Malt Madness

Scotch Whisky is made only in Scotland, but in recent years American distilling trailblazers are giving the Scots a run for their money by creating exquisitely crafted spirits from local barley. The parameters for single malt whiskey are simple – it must be produced at a single distillery using 100 percent malted barley. Add “American” to the definition, and a whole new category is born. 

Omaha is fortunate to be home to distiller Zac Triemert of Brickway Brewery & Distillery. After finding his chosen microbiology and chemistry profession to be unfulfilling, he travelled to Scotland where he earned a master’s degree in brewing and distilling. Bucking tradition in an effort to honor his teachers, Triemert favors the traditional Scottish spelling (dropping the ‘e’) on Brickway bottle labels.

The local distillery boasts several award-winning options, but the Brickway American Single Malt Whisky, made with malt from nearby Colorado, remains a favorite with fragrant hints of caramel and vanilla, and the delightful Sherry-Cask Aged Single Malt has enchanted many a whisky skeptic with its smooth, sweet easy-drinking profile. This year saw the release of a 5-year aged American Single Malt Whisky so smooth it belies the 100-proof bottling.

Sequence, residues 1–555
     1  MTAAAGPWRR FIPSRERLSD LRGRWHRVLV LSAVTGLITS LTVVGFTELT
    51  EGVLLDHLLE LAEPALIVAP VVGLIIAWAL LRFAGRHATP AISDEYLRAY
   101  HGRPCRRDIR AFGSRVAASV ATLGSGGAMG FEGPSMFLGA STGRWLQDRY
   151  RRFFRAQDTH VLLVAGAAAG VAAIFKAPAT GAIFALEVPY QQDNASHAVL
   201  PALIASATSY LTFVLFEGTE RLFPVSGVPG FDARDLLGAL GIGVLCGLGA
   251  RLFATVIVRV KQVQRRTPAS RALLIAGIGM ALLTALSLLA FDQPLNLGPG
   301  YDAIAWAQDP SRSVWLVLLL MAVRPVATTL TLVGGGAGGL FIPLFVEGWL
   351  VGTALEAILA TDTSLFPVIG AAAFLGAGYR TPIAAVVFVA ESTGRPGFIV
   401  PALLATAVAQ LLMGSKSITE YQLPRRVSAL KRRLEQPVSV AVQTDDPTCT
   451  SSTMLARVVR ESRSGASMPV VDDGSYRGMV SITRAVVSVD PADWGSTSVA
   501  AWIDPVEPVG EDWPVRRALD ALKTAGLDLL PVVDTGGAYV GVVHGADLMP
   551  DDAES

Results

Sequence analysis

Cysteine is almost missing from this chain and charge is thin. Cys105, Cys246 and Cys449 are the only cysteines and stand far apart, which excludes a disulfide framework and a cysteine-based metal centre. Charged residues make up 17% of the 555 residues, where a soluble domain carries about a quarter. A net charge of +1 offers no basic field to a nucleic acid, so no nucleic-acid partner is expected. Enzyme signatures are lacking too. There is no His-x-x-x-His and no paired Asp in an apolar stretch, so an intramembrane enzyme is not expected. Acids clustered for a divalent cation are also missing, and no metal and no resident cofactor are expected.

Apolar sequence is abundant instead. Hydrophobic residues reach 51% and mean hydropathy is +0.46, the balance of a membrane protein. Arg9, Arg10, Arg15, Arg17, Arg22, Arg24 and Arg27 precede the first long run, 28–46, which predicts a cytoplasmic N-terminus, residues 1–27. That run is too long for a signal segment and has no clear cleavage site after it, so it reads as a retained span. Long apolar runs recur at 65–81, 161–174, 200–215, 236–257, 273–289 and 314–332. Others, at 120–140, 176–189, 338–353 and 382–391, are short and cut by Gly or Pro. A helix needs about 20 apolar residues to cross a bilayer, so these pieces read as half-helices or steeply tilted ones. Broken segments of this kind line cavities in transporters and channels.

Distilling whisky takes time, so when a product is released, it’s special. Producers can differentiate their whiskey through aging materials, water, and distilling methods such as Omaha’s Cut Spike Single Malt Whiskey – made from limestone-filtered water sourced from the Nebraska Sandhills, Clear Creek Distillery’s McCarthy’s Oregon Single Malt, or the unique and flavorful Courage and Conviction offering out of the great state of Virginia.

The best way to learn about whiskey is to taste whiskey, and a great place to do so is at Omaha’s own Whiskey Fest held at Hilton Omaha in the historic Old Market. Postponed to September 24 of this year, the event attracts hundreds of vendors, many offering high quality American single malts.

Triemert is optimistic about the future of American single malts and predicts the category will see tremendous growth soon. His personal wish, “I can’t wait until whiskey drinkers talk about whiskey in the way they talk about Bourbon.” Cheers!

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